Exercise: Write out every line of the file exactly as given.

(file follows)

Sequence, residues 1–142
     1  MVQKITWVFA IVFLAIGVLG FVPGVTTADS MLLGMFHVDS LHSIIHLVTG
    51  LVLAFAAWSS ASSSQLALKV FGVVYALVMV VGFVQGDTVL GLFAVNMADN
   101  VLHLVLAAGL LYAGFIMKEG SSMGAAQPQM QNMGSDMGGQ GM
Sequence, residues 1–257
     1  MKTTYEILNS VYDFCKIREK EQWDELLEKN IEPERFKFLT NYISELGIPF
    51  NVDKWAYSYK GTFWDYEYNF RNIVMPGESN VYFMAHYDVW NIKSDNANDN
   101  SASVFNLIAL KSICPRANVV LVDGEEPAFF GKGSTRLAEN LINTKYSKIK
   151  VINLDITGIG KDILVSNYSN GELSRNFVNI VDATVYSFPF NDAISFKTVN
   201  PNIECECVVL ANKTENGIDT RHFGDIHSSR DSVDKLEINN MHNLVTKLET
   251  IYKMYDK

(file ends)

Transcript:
Sequence, residues 1–142
     1  MVQKITWVFA IVFLAIGVLG FVPGVTTADS MLLGMFHVDS LHSIIHLVTG
    51  LVLAFAAWSS ASSSQLALKV FGVVYALVMV VGFVQGDTVL GLFAVNMADN
   101  VLHLVLAAGL LYAGFIMKEG SSMGAAQPQM QNMGSDMGGQ GM
Sequence, residues 1–257
     1  MKTTYEILNS VYDFCKIREK EQWDELLEKN IEPERFKFLT NYISELGIPF
    51  NVDKWAYSYK GTFWDYEYNF RNIVMPGESN VYFMAHYDVW NIKSDNANDN
   101  SASVFNLIAL KSICPRANVV LVDGEEPAFF GKGSTRLAEN LINTKYSKIK
   151  VINLDITGIG KDILVSNYSN GELSRNFVNI VDATVYSFPF NDAISFKTVN
   201  PNIECECVVL ANKTENGIDT RHFGDIHSSR DSVDKLEINN MHNLVTKLET
   251  IYKMYDK